What has been the biggest challenge in medical school? Did you feel you were prepared? Was there ever a point where you felt like you had taken on too much?

I just finished the year long process of taking the MCAT, and applying to medical school and actually start my first day in July of 2011. To be honest, I have moments everyday where I feel like I have taken on too much. I wouldn’t have it any other way though as I am the type of person who strives under pressure and knowing that my daughter needs me to succeed makes it much easier to never give up! I absolutely feel prepared for medical school, I know it will be a challenge and there will be things I do great with and others I need extra help with. Regardless of how much pressure there will be or long hours, there is a certain comfort in knowing this long haul will lead to an extremely rewarding career in just four short years! It is a very exciting time in my life, and I cannot wait to begin!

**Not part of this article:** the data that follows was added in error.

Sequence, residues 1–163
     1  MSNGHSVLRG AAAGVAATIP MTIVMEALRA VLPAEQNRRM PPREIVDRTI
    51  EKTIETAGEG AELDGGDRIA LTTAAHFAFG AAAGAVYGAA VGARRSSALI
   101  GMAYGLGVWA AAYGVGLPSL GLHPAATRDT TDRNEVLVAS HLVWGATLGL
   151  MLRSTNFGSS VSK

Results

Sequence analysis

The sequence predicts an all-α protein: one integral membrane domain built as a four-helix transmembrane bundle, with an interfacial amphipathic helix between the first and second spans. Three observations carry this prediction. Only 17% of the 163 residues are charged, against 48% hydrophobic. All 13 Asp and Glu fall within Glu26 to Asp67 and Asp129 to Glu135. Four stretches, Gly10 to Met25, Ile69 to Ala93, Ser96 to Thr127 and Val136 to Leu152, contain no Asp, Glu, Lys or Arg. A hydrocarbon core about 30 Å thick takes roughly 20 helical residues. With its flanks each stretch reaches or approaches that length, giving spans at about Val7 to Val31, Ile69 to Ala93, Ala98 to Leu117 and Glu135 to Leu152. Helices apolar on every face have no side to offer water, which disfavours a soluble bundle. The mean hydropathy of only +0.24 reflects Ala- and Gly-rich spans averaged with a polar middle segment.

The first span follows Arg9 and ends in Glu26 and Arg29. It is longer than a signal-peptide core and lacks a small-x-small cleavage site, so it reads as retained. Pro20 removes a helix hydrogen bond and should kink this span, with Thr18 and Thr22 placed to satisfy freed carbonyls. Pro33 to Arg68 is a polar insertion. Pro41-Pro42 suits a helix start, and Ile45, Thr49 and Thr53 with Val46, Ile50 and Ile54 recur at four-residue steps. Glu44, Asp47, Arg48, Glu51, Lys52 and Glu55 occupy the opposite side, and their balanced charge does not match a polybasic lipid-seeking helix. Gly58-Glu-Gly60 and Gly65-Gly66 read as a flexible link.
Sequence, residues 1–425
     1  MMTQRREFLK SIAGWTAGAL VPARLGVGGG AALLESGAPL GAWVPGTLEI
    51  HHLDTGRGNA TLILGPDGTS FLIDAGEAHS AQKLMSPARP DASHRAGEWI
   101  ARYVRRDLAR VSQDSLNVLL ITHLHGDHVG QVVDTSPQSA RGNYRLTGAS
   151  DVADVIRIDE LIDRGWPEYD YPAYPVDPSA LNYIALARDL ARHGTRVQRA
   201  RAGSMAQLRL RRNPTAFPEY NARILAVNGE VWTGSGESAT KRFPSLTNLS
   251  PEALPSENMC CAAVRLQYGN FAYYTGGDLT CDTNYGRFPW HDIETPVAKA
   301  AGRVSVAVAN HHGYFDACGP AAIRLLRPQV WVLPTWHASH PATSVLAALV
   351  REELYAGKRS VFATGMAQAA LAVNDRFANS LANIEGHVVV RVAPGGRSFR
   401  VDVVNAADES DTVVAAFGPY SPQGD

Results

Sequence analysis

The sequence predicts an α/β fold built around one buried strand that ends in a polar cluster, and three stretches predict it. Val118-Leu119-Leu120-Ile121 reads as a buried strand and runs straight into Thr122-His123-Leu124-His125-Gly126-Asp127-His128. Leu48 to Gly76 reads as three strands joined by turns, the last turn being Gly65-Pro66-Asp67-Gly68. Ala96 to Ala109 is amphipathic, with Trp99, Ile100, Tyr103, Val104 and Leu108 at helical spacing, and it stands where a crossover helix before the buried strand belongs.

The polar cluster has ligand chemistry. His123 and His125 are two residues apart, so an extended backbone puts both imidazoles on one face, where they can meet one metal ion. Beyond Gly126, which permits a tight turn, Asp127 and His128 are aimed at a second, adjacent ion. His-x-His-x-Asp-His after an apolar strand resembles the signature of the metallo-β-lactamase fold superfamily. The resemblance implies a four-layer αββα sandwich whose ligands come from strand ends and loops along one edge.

Tell us a little bit about your support system - where does your greatest source of support come from?

My daughter’s father (my fiancé) is a huge support in my life, and in hers. We live together in his hometown, where the bulk of my medical training will take place. Unfortunately we have been geographically separated for part of my undergrad and will be for a short time during medical school. I am extremely fortunate that we are able to agree on flexible arrangements and know that our daughter is being taken care of at all times.

What do you say to other teen moms who feel like they aren’t getting where they want to be in their career?

Never stop working towards your dreams, regardless of how far away they seem or how dark your situation might be. There is always hope and absolutely nothing is impossible! The most important piece of advice I can give is to not be afraid to ask for help. I know that I wouldn’t be where I am today without help from others. Whether as financial assistance or medical care from the government, programs for teen moms to further their education, family help with babysitting, or simply ways to keep your child happy and healthy, there is no shame in accepting help. It is extremely important to surround yourself with supportive people to help you reach your goals because there will always be someone telling you it’s not possible. Refusing to quit is the best way to ensure your future success.